Westfield Imaging Center - Summit Radiological Associates, P.A. Enhancing the Health of Our Patients
Mammography and CAD FAQs
What is Computer-Aided Detection (CAD)?
Computer Aided Detection (CAD) is breakthrough FDA-approved technology that helps radiologists analyze the mammogram. The computer does not replace the radiologist who interprets the mammogram, but merely acts as a "second pair of eyes" for the radiologist and operates very much like a "spellchecker" to identify characteristics that may warrant a "Second Look". Your mammogram is scanned into the Second Look System and analyzed using sophisticated software.

What are the benefits of CAD in mammography?
The use of CAD as part of the mammography screening process adds a layer of quality assurance. By helping radiologists detect up to 68% of missed cancers an average of 15 months earlier than screening mammography alone, Second Look CAD systems enhance performance, improve confidence and reduce variability due to fatigue, distraction or workload.

Will my insurance pay for CAD?
Medicare and most private insurance companies in the United States consider CAD reimbursable.

When should I get a mammogram?
Current guidelines from the U.S. Department of Health and Human Services (HHS), the American Cancer Society (ACS), the American Medical Association (AMA) and the American College of Radiology (ACR) recommend screening mammography every year for women, beginning at age 40. Patients at high risk of breast cancer (especially those with a strong family history of breast cancer) should consult their doctor about beginning annual mammograms prior to age 40. Depending upon the results of a screening mammogram, or as part of a follow up to a diagnostic mammogram, women may need to return for additional mammography and diagnostic testing on a more frequent basis. Consult your doctor.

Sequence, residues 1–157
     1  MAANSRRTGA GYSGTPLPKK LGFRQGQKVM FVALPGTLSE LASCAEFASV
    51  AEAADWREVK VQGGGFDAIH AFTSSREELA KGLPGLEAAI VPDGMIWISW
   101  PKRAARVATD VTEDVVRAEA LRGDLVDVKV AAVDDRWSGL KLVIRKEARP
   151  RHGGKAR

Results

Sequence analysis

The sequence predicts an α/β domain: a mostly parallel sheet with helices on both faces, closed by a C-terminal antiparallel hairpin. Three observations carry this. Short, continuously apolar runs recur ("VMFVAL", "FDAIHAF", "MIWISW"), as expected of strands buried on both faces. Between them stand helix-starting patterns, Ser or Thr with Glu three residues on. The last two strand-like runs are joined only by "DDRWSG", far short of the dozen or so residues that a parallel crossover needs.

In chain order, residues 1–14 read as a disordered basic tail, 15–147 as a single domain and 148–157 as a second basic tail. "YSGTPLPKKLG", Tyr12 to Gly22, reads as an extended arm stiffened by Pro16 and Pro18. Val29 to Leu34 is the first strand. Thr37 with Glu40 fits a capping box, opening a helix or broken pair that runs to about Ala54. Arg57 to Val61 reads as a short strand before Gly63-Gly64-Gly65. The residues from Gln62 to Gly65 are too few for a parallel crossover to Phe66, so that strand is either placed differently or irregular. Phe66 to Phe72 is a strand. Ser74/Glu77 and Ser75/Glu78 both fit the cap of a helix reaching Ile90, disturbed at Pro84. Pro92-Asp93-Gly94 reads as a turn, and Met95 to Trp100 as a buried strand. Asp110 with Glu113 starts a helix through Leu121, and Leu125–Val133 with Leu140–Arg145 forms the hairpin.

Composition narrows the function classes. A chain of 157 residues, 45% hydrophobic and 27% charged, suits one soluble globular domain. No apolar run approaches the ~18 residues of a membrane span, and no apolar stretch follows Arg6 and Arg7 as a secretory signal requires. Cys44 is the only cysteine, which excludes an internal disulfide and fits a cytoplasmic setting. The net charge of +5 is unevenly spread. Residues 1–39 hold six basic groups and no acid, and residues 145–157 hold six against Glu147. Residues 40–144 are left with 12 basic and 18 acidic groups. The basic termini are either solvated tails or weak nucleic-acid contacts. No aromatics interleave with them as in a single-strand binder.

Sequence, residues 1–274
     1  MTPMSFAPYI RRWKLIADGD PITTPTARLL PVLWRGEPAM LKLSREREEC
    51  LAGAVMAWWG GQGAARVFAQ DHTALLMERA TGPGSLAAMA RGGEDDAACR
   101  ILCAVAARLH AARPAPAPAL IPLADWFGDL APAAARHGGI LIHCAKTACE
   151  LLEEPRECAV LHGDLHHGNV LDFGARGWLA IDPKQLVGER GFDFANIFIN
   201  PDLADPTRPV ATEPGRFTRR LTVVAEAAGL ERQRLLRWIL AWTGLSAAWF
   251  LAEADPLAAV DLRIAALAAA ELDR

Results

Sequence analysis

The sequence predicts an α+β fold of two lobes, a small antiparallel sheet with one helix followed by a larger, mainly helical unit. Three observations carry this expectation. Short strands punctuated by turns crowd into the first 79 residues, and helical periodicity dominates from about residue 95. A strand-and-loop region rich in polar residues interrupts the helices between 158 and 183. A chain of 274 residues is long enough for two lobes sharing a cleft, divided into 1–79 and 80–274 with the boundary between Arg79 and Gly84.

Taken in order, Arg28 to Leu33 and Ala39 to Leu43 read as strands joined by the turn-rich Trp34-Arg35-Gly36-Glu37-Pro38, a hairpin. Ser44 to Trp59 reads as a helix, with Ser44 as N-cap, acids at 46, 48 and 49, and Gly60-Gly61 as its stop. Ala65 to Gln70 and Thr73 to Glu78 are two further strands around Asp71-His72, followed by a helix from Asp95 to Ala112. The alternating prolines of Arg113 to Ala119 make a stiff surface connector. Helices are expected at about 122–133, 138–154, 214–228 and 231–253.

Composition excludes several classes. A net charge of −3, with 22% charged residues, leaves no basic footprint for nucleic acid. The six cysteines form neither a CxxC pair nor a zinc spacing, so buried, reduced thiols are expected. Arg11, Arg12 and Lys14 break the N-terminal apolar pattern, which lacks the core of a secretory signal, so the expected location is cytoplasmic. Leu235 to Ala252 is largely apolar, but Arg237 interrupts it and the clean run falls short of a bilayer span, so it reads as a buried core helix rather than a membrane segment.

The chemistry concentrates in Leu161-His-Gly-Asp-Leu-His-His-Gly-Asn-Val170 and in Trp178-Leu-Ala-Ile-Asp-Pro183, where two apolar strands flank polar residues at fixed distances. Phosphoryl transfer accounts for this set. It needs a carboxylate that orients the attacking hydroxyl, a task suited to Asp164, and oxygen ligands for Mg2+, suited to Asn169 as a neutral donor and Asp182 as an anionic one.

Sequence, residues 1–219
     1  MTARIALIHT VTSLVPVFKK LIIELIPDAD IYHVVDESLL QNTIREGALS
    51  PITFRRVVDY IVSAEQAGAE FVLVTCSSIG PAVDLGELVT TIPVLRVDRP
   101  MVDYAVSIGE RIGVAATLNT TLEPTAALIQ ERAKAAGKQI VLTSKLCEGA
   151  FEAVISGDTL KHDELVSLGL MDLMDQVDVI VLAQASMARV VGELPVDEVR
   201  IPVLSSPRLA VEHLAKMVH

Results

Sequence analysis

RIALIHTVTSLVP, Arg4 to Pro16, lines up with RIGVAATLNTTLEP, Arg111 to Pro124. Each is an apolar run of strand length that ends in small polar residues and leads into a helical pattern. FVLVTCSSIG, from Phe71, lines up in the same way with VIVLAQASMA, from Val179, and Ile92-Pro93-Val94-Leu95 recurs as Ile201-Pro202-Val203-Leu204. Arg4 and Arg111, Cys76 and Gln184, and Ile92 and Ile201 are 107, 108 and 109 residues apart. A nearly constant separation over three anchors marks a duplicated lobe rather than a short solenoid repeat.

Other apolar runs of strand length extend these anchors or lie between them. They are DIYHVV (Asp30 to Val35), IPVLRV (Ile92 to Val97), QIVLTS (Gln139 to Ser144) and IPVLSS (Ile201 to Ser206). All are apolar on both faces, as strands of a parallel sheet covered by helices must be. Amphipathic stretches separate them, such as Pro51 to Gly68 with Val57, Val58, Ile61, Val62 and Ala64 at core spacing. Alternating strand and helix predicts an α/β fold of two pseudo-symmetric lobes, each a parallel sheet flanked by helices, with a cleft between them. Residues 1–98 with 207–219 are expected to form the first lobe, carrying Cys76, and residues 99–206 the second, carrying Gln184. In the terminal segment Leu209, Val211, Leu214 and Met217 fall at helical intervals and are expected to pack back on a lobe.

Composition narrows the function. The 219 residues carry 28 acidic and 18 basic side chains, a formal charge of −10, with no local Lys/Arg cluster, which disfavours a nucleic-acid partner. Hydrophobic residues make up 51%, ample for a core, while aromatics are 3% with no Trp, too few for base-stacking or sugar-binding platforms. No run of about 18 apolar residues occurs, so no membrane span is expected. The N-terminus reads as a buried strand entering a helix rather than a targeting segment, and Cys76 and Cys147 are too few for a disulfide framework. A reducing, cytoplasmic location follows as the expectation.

When should I schedule a mammogram?
The best time to schedule a mammogram is one week following your period. Do not schedule your mammogram for the week before your period as your breasts may be tender during this time.

What can I expect?
When you arrive at Westfield Imaging Center, our front desk staff will register you and help you with your paperwork. You will be called for your exam by the technologist as you relax in our waiting room. The technologist will bring you into the exam room and show you where to leave your belongings. You will be asked to remove all jewelry and clothing above the waist, and you will be given a gown that opens in the front.

The technologist will position you. The breast is first placed on a special platform and compressed with a paddle. The quality of your mammogram is greatly dependent on compression of the breast, which may sometimes cause brief discomfort. Compression decreases breast motion that can cause blurry images. The breast is exposed to a small dose of radiation in order to produce the image. You will be asked to change positions slightly between images. The process is repeated for the other breast.